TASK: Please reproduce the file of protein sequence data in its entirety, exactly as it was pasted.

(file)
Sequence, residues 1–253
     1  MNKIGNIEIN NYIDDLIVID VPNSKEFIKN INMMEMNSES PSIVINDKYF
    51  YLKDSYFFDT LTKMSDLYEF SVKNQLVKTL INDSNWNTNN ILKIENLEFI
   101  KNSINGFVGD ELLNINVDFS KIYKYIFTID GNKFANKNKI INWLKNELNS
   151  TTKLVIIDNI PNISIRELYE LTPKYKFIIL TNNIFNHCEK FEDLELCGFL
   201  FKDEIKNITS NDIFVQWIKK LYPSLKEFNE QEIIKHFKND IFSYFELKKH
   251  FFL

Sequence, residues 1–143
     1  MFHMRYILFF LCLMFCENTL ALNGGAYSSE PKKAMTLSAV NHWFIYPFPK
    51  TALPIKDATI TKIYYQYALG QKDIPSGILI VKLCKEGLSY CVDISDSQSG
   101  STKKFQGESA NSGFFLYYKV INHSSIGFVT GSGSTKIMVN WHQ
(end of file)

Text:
Sequence, residues 1–253
     1  MNKIGNIEIN NYIDDLIVID VPNSKEFIKN INMMEMNSES PSIVINDKYF
    51  YLKDSYFFDT LTKMSDLYEF SVKNQLVKTL INDSNWNTNN ILKIENLEFI
   101  KNSINGFVGD ELLNINVDFS KIYKYIFTID GNKFANKNKI INWLKNELNS
   151  TTKLVIIDNI PNISIRELYE LTPKYKFIIL TNNIFNHCEK FEDLELCGFL
   201  FKDEIKNITS NDIFVQWIKK LYPSLKEFNE QEIIKHFKND IFSYFELKKH
   251  FFL

Sequence, residues 1–143
     1  MFHMRYILFF LCLMFCENTL ALNGGAYSSE PKKAMTLSAV NHWFIYPFPK
    51  TALPIKDATI TKIYYQYALG QKDIPSGILI VKLCKEGLSY CVDISDSQSG
   101  STKKFQGESA NSGFFLYYKV INHSSIGFVT GSGSTKIMVN WHQ